Cataract Surgery

Leo Sheck
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You can find a printable pdf copy of this information sheet here.

What is cataract?

Cataracts refer to the clouding of the lens which sits near the front part of the eye. They generally come on with age, however some may develop earlier due to congenital defects, medication or diabetes.

As cataracts develop, you may experience blurry vision or increased difficulty with glare, making driving at night difficult. It may change your glasses prescription up to a certain point where even stronger glasses may not help. Contrary to popular belief, cataracts are not caused by “overuse” of the eyes and screen time does not make it worse.

Patient with advanced cataract

Modern cataract surgery

We take pride to showcase advancements in surgical techniques since the first cataract surgery in the 1700s where lenses were removed in whole from large wounds. Now, cataract surgery is all done through micro incisions on the front part of the eye, where the lens is broken up into small chunks and removed with fine instruments. The whole procedure takes no longer than 15 minutes and does not require a hospital stay. No stitches are required as the wounds self-seal. Normal activities such as sports, walking and driving can resume after a few days.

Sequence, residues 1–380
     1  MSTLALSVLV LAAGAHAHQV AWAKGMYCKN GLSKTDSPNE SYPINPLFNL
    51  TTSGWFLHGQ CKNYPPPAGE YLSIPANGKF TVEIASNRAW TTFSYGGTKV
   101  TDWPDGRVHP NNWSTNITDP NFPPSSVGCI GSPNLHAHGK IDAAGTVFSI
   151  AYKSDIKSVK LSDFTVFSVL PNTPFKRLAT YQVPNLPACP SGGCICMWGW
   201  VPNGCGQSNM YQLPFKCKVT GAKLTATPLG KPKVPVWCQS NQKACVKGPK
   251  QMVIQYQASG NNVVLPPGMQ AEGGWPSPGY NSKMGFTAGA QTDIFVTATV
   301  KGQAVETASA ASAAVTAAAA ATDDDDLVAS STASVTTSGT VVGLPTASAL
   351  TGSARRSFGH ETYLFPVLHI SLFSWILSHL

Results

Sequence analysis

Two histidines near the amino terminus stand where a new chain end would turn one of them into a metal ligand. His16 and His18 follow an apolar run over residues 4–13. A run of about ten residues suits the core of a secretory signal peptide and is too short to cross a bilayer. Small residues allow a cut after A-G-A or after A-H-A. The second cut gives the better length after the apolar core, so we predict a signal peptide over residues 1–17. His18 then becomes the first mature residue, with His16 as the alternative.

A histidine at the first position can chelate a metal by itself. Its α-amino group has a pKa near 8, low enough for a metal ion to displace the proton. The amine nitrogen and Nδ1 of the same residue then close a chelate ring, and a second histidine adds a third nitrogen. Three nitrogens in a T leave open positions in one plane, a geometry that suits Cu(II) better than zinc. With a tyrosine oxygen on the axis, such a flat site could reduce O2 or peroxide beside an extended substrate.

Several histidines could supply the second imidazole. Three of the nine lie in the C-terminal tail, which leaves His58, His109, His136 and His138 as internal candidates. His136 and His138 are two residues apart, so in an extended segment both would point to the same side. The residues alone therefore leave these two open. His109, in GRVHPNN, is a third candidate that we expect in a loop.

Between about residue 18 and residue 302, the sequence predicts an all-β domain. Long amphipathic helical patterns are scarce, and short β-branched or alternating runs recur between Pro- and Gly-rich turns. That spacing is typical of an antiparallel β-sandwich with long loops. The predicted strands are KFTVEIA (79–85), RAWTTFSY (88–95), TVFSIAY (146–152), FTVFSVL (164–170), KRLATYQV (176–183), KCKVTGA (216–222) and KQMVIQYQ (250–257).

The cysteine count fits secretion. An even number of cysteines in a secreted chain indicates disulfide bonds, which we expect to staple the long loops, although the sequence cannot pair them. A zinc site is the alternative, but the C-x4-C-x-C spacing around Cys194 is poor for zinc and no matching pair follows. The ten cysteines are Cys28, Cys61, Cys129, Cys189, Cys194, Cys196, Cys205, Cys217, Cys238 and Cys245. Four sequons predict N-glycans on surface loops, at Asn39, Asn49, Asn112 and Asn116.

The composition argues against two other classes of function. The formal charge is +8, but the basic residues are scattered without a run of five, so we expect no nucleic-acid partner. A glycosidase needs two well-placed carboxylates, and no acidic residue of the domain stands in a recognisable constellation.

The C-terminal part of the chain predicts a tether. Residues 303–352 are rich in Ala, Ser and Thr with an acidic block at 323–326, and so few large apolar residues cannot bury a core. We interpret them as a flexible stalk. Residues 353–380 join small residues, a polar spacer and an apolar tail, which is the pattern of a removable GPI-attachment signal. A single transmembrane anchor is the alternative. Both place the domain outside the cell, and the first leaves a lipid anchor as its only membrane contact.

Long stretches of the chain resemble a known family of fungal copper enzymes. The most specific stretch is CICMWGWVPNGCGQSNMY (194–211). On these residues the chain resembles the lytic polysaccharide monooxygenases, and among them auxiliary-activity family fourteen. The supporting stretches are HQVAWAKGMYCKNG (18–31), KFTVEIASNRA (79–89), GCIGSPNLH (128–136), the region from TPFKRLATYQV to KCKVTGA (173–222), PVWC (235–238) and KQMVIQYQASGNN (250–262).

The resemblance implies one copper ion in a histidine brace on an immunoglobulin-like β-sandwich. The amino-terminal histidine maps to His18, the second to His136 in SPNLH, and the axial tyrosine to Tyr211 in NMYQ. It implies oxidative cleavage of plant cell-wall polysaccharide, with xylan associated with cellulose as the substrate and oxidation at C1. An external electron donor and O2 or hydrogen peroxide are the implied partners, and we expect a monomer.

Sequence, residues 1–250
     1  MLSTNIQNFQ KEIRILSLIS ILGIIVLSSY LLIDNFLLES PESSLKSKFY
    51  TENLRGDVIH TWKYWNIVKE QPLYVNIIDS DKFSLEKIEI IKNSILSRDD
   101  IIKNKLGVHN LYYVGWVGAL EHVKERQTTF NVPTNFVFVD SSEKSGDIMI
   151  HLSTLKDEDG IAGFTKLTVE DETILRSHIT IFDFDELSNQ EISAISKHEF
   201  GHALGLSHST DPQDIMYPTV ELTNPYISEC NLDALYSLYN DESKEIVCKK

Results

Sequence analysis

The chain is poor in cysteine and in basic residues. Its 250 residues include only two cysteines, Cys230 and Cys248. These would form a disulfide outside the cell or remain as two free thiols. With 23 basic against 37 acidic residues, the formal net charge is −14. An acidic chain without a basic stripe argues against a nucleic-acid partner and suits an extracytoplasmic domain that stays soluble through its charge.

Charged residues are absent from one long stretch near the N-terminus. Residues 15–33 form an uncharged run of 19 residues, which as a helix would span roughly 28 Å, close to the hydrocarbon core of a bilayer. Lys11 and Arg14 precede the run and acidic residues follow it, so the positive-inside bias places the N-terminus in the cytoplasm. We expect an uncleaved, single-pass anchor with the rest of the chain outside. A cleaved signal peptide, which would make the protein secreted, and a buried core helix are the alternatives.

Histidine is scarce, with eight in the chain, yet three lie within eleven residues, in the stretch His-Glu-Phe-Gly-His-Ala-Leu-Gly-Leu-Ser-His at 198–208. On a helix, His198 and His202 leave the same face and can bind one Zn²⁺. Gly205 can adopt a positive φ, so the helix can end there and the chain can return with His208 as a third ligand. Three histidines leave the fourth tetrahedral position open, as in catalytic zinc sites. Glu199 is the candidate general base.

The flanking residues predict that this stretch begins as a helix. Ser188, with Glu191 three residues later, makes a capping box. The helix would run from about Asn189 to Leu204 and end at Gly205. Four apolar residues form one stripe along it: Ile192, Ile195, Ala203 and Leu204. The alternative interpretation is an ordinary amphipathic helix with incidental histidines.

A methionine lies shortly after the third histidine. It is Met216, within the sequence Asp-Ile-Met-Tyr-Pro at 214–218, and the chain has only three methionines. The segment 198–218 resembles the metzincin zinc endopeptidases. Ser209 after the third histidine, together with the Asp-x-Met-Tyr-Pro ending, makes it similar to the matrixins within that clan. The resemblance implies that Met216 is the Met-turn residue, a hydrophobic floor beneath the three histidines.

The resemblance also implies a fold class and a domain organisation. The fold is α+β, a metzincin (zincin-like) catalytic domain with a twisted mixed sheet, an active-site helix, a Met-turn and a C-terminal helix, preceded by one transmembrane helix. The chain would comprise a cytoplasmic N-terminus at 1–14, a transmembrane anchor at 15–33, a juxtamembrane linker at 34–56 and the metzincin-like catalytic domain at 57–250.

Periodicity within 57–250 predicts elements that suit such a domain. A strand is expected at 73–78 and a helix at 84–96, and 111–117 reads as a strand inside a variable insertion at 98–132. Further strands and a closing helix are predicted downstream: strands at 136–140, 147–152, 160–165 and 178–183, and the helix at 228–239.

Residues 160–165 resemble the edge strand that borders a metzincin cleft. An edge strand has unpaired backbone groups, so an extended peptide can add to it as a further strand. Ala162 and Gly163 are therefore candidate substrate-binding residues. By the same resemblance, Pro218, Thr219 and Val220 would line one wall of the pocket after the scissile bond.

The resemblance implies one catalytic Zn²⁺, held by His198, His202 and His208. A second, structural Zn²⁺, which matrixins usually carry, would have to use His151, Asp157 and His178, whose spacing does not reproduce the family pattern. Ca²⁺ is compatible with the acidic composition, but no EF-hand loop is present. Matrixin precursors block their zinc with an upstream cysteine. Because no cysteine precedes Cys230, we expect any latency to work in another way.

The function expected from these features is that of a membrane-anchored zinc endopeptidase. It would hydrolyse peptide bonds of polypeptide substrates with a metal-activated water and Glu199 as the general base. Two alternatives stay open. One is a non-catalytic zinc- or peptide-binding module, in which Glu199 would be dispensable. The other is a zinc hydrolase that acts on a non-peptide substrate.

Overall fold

Before your surgery, Dr Sheck will sit down with you to discuss your visual requirements and choose the lens that best suits your lifestyle. Just as we have the choice of different pairs of glasses for reading and driving, there is a wide variety of lens replacement options to choose from. Some people no longer want to wear glasses after cataract surgery, we have options for that too.  

Dr Sheck utilises the latest technology (Zeiss IOLMaster 700) to measure the eye and calculate the correct power for your eyes. The different lens options include:

  1. Single-focus lenses

These will give you your very best vision for distance. As implied by its name, it can either be adjusted for near or distance vision, but not both. Glasses are still required for close up work.